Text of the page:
Perhaps unittest is wrong, and tearDown should always run

I’ve been looking at unittest fixtures, and seeing how they are treated in unittest, nose, and pytest.

I started out with the assumption that unittest was correct.

Now. I don’t think it is.

Update: Hmmm… changed my stance on this. … there are better ways to ensure teardown happens. But it was an interesting discussion…

From the unittest documentation

For tearDown(): “This method will only be called if the setUp() succeeds, regardless of the outcome of the test method.”

For tearDownClass(): “If an exception is raised during a setUpClass then the tests in the class are not run and the tearDownClass is not run.

For tearDownModule(): “If an exception is raised in a setUpModule then none of the tests in the module will be run and the tearDownModule will not be run.

OK. Clear enough. But is that really the right behavior?

The reasoning behind it, in my opinion

If we are only doing one thing in setUp(), and that thing fails, then there is nothing to clean up.

Good so far.

Where it falls apart

But what if we are doing more than one thing in setUp?

What if, in setUp, we:

  1. create a temporary directory, and create some files there to work on
  2. open a connection to a remote database
  3. some other stuff

Then, in tearDown, we:

  1. clean up the “other stuff”
  2. close the connection to the database
  3. remove the temporary directory and all of its contents

What if our connection to the database fails, and throws an exception?

In the unittest and nose implementation, the temporary directory and the “other stuff” will not be cleaned up.

I just think that’s wrong.

If you want to protect for that, currently, then you need to use addCleanup() to attach clean up functions to the tests.
These will be called, even if setUp() raises an exception.

That only works for setUp()/test()/tearDown()/cleanup().
It DOESN’T work for setUpClass().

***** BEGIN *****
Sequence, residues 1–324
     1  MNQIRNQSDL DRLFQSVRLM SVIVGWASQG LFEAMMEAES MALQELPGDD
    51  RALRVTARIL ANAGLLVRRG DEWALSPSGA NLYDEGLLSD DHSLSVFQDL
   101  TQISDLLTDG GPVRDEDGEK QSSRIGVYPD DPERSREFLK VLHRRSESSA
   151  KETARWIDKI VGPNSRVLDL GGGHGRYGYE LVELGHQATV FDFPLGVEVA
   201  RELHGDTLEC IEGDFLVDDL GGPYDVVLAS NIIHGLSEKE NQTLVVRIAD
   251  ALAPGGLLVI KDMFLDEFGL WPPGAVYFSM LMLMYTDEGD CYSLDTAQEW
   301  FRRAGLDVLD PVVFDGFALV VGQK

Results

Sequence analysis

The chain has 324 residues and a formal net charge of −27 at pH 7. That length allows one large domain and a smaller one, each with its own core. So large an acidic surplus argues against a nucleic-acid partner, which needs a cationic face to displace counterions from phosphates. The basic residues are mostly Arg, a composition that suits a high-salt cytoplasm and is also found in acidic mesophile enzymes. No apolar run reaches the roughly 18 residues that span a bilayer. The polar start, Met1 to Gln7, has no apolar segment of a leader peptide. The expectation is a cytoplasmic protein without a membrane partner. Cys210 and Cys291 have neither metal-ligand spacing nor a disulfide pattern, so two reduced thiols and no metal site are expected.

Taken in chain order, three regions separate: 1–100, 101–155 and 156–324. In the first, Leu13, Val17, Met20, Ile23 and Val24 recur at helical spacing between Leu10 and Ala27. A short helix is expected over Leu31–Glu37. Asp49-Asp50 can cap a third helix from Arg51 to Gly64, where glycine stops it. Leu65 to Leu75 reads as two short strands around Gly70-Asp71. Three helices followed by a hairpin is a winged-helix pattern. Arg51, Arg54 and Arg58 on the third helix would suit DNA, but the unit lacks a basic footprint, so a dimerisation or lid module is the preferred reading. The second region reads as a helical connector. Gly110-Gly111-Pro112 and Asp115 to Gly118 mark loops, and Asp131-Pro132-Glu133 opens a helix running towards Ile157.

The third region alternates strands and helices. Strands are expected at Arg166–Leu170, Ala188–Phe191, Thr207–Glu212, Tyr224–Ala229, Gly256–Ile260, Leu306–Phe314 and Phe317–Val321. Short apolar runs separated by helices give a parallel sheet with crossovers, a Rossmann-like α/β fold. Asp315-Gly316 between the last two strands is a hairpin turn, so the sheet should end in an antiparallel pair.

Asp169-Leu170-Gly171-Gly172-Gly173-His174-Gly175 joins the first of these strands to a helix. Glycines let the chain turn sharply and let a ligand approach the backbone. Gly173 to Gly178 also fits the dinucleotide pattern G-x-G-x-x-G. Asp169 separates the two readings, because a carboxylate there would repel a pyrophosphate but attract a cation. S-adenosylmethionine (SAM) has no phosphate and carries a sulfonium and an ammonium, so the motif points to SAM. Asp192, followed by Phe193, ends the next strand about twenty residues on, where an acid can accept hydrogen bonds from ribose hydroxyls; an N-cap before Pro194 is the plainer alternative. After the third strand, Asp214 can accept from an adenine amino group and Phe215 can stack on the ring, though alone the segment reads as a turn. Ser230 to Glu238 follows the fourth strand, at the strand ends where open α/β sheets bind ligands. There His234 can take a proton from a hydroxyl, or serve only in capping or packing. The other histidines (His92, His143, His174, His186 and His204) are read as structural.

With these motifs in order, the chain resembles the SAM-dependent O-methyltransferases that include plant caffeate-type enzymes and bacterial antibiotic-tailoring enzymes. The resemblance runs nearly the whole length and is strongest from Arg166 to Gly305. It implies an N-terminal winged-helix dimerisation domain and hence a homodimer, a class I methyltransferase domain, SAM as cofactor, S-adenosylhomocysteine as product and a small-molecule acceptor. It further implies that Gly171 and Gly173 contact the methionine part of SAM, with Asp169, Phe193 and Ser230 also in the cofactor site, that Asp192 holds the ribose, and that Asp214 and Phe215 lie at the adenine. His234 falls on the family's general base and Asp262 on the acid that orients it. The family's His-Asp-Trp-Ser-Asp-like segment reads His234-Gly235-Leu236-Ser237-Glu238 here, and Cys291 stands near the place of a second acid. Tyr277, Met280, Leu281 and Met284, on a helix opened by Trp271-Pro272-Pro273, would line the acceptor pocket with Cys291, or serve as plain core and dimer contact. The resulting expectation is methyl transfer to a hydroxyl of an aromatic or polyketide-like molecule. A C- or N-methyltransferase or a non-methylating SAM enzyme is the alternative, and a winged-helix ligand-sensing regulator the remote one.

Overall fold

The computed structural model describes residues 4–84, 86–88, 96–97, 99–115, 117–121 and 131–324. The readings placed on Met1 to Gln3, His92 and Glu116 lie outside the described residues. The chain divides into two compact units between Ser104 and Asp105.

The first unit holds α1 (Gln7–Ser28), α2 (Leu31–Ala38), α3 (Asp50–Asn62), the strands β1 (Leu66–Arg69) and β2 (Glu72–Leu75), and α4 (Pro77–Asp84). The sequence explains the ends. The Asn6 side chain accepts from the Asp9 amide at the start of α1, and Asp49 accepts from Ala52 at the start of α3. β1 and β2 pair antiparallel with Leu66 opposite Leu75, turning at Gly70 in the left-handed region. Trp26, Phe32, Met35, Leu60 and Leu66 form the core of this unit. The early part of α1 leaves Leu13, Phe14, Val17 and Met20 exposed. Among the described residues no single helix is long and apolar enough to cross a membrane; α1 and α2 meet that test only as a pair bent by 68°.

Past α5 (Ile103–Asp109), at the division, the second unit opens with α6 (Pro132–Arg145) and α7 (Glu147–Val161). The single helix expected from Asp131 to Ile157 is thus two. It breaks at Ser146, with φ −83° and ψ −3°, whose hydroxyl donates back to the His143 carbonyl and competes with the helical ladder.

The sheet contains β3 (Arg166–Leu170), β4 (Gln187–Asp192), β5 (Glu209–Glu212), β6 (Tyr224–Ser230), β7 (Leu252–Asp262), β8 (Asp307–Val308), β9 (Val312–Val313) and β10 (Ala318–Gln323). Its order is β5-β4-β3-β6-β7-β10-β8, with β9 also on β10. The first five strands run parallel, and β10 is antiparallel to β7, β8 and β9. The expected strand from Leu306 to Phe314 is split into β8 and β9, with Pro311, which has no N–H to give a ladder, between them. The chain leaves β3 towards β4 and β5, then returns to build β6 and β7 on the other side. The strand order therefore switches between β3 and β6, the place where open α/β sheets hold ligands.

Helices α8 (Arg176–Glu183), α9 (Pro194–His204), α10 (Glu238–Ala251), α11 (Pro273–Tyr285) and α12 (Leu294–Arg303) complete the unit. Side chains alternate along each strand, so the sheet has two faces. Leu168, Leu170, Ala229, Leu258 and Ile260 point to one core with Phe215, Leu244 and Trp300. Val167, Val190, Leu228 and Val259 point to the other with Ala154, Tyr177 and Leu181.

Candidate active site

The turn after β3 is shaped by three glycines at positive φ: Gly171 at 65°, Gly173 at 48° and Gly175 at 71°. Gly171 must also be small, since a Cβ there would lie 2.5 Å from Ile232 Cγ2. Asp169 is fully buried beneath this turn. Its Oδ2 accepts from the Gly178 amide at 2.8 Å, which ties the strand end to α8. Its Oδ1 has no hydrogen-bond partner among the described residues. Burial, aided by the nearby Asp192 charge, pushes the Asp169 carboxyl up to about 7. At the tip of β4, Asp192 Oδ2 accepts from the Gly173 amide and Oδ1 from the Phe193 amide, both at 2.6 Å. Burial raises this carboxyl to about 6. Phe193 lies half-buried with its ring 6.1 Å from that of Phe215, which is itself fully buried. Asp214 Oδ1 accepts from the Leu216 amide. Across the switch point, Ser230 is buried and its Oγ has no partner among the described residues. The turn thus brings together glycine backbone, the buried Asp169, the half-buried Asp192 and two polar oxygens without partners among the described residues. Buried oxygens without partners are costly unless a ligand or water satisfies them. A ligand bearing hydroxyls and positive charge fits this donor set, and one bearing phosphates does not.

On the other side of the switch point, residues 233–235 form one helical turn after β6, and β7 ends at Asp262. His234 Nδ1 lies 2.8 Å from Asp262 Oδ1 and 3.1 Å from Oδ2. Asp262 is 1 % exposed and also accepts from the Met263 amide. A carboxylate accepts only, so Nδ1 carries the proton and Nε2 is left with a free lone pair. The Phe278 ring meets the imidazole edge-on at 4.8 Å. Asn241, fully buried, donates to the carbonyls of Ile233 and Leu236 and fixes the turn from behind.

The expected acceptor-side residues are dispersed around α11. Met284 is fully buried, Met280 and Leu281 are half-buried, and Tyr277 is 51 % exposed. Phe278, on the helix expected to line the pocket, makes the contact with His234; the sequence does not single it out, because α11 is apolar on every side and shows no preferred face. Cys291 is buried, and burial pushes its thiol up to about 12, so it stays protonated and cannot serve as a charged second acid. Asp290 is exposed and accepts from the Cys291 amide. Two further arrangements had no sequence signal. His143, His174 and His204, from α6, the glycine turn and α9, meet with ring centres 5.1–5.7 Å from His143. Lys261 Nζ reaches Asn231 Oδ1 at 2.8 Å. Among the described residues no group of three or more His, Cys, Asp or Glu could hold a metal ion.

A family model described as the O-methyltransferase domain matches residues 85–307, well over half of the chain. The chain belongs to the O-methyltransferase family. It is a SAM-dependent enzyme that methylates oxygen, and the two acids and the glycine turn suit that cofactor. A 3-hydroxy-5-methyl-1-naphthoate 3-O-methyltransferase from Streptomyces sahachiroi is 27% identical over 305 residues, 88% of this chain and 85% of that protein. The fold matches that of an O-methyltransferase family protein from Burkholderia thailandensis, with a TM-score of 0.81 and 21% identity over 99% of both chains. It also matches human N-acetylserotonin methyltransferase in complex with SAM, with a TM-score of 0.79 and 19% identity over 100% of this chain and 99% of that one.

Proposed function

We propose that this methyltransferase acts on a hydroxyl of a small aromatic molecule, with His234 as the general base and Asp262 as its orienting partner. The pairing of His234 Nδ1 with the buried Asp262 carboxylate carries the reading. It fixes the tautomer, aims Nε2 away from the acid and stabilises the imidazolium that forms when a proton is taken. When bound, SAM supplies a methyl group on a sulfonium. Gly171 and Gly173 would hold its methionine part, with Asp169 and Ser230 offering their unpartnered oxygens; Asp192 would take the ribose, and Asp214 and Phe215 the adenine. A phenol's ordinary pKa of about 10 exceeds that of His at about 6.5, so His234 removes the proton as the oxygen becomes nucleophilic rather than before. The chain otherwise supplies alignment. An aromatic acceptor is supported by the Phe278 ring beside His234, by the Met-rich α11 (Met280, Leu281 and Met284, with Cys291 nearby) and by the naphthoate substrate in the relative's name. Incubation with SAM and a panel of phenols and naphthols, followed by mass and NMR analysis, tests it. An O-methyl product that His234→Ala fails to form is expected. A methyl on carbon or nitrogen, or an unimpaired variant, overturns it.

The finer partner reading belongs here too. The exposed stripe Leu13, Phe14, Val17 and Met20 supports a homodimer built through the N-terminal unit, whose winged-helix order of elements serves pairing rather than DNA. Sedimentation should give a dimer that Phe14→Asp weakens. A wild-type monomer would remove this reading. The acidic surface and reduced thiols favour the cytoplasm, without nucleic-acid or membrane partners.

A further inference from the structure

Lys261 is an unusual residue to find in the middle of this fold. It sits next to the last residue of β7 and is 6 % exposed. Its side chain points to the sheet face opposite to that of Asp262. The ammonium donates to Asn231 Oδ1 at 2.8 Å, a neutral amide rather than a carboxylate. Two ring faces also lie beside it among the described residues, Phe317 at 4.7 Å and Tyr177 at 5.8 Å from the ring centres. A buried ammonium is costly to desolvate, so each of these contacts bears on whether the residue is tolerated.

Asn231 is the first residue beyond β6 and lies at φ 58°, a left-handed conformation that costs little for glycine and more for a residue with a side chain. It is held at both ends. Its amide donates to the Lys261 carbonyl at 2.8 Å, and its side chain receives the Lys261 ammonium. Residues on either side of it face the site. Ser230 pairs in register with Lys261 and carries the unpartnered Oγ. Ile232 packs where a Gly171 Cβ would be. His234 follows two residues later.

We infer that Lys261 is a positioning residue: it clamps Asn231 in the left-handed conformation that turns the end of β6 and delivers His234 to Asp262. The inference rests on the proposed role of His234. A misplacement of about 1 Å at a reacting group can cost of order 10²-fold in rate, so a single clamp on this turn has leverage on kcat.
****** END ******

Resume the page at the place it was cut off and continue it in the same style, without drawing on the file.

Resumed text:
It DOESN’T work for setUpModule().

Proposed change: ALWAYS call tearDown() regardless of the success of setUp()

This goes for tearDown(),tearDownClass(), and tearDownModule() as well.

Is it too late?

I don’t think so.

It it is too late for unittest, and nose, it’s NOT too late for pytest.
Perhaps we can just fix it there.

Feedback, please

I really want to know what others think of this.
Or does anyone even care about this corner case of unittest fixture behavior?

Cheers.

Comments

  1. masklinn says

    I don’t think you’ve thought this through.

    Consider your own example: setup is supposed to create a directory, open a connection and set up some other stuff. setup blows up and throws, you try to run teardown anyway.

    And it blows up because it tries to del an attribute which was never created in the first place.

    If your setup blows up, there is no guarantee about its partial state, and the teardown simply can’t be run. It’s the same reason why __exit__ is *not* run if __enter__ throws.

    For what you want, you need to build a stack of setup/teardown operations (similar to exitStack), but setup and teardown are not up to the task *no matter how much you fiddle with their invocation*.

  2. says

    > If your setup blows up, there is no guarantee about its partial state, and the teardown simply can’t be run

    Yes, it can. It just need to be aware of this possibly partial state and deal with it.

    • says

      Well, I agree for setUp. But it doesn’t help for setUpClass or setUpModule, since those don’t support addCleanup. At least I think they don’t.

  3. says

    Indeed, for method-scope the addCleanup should be workable but not for higher scopes.
    With pytest’s own fixture mechanism this is not a problem because you can call “request.addfinalizer()” from any scope and there isn’t even a “teardown” you could use :)

  4. says

    If you always run teardown you enter “destructor hell” of not knowing what partial state you are in and having to code extra defensively. Just catch and handle exceptions within setup.

  5. says

    In Python 3.3+, you can use contextlib.ExitStack to handle cleanup for resource management inside setupClass (using stack.pop_all() if you reach the end without incident). In 2.6+, you can get it from contextlib2 from PyPI.

    This is a lot easier than always having to write your teardown methods on the assumption that setup might have partially failed, and is also consist with the context management protocol (where __exit__ won’t be called if __enter__ throws an exception).

    The contextlib docs show an example of using ExitStack to cover part of a context manager’s __enter__ method with it’s own __exit__ cleanup method: http://docs.python.org/3/library/contextlib.html#cleaning-up-in-an-enter-implementation

    You can easily do the same thing to cover part of a complex setupClass implementation with the corresponding tearDown implementation.

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